Growers and Ginners Go to Washington

This week nearly 30 producers and Ginners from the Southeast went to to Washington DC to meet with most of the Congressional representation from our region. The group flew to Washington on Monday, Feb 27 and had nearly 60 meetings over the next day and a half on the Hill.

This is an annual trip held by the Southern Cotton Growers Government Relations Committee. For the past several years, the group has invited the Southeastern Cotton Ginners Executive Committee to join in the trip. This year many of the producers were also Ginners or tightly connected to the ginning community.

This is the first time we’ve had a chance to go on such a trip in three years. The last trip was just before Covid shut everything down in March of 2020.

Jimmy Web and other growers and ginners discuss farm bill with Sanford Bishop (D-GA)

With this being a Farm Bill year, it was the main topic of conversation. While nearly every special interest in the country has a lobbyist in DC, having actual constituents affected by the laws they write has a much bigger impact than can be explained here. Being able to hear about the actual effect of the cost of diesel or fertilizer prices from people back home leaves a serious impression. Another topic front of mind for many on the trip was the H-2A Program and the recent 14% increase in the AEWR. On Monday, the Department of Labor released some changes in the AEWR that will make it the program even more cumbersome and potentially more expensive than it already is. More details are forthcoming.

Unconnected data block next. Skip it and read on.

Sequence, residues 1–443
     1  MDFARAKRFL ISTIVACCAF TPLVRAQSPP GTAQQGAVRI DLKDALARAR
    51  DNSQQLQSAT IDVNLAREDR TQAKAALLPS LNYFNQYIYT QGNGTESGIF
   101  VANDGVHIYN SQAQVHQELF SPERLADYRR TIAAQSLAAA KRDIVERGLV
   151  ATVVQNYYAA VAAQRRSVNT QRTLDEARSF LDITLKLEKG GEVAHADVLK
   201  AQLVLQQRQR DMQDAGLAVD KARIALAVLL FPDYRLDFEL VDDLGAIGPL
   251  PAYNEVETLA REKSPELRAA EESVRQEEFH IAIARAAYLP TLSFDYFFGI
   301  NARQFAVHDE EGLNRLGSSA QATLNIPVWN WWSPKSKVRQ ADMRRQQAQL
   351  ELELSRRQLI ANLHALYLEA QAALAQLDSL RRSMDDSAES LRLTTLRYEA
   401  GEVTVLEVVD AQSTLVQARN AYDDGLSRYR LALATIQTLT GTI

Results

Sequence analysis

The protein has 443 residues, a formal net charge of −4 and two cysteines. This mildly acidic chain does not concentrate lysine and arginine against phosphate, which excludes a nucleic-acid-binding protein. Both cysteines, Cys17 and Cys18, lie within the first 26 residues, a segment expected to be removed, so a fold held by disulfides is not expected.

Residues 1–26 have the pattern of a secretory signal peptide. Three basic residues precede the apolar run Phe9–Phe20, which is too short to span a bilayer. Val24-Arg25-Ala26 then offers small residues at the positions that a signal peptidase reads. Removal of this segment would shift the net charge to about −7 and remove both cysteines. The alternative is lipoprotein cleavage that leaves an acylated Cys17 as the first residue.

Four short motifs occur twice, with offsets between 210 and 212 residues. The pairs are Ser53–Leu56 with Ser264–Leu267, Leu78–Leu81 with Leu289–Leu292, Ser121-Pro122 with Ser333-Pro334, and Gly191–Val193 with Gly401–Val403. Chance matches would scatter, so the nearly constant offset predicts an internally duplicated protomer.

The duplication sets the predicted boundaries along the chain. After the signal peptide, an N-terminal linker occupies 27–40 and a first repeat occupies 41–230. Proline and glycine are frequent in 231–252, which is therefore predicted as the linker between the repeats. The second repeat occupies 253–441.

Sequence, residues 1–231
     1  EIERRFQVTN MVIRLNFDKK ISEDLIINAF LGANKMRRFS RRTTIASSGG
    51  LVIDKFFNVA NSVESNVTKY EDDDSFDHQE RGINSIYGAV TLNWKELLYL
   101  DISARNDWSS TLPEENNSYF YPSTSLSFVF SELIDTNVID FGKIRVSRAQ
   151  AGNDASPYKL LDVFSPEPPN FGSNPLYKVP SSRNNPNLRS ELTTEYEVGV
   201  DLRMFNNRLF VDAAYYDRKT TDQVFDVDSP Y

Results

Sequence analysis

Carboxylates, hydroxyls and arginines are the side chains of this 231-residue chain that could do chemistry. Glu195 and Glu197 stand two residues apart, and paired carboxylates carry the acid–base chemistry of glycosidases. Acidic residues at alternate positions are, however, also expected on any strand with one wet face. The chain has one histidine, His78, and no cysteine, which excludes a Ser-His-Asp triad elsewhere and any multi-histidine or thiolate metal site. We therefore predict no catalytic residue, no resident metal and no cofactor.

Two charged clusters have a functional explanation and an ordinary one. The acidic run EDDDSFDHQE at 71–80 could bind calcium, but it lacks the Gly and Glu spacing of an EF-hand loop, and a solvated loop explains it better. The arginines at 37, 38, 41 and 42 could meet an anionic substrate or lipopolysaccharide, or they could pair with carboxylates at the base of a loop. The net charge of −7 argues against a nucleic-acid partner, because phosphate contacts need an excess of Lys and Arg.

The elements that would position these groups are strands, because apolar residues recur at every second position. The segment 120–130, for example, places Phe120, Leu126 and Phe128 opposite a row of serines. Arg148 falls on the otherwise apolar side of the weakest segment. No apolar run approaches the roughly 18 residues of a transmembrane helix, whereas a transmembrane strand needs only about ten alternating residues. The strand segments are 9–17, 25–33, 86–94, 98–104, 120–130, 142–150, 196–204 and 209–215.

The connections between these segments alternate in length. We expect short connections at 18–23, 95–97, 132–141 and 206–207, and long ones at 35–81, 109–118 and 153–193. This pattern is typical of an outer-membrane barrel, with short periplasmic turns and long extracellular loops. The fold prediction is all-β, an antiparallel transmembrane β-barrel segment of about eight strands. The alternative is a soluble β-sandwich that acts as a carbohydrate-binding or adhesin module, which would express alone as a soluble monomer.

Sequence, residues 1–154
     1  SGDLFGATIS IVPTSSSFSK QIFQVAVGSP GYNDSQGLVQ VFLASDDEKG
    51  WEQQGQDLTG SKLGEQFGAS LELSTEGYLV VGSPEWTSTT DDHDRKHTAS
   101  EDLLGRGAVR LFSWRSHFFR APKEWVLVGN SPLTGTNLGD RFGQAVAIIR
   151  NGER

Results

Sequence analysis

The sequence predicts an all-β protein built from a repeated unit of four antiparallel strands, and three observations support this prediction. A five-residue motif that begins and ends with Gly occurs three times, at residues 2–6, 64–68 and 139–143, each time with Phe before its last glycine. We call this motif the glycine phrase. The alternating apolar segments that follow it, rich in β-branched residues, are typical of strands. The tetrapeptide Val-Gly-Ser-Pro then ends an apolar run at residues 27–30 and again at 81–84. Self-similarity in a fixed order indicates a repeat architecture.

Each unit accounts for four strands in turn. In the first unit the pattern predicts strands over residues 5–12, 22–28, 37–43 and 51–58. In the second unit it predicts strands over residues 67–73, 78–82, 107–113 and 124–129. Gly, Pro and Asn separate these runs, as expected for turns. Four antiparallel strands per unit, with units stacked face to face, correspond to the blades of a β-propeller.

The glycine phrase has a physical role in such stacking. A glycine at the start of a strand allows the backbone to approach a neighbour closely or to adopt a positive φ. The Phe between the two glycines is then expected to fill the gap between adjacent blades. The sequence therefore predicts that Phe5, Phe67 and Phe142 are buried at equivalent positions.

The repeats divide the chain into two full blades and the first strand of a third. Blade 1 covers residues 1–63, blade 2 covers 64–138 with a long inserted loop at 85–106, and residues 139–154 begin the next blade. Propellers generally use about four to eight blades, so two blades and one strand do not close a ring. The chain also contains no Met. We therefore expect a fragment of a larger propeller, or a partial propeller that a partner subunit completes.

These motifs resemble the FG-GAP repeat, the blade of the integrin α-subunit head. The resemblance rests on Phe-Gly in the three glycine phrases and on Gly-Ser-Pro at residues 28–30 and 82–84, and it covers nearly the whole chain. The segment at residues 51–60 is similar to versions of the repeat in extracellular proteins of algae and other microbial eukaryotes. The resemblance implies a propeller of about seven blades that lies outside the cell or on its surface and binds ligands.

Growers and Ginners meet with House Ag Committee Chairman “GT” Thompson and staff.

One of the biggest highlights was a to be able to visit with House Ag Committee Chair Glenn “GT” Thompson and Ag Committee staff. We appreciate the Chairman’s time and his staff for meeting with us.

If it were not for the support of producers and ginners in the Southeast Cotton Committee (SECC) political action committee we would not be able to get the appointments we were able to have. If you would like more information on how to participate in SECC, please contact Susan Garrick in our office.

We would like to thank those that went on the trip and the members who were able to meet with us and especially the National Cotton Council Staff on helping to facilitating the trip.

Cotton GIn Cost Survey – PLEASE